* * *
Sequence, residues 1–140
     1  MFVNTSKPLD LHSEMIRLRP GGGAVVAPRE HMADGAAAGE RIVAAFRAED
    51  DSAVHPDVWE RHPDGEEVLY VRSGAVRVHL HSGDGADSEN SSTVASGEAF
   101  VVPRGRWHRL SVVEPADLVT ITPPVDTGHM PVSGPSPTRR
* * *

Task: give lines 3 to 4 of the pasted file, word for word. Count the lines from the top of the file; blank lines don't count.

    51  DSAVHPDVWE RHPDGEEVLY VRSGAVRVHL HSGDGADSEN SSTVASGEAF
   101  VVPRGRWHRL SVVEPADLVT ITPPVDTGHM PVSGPSPTRR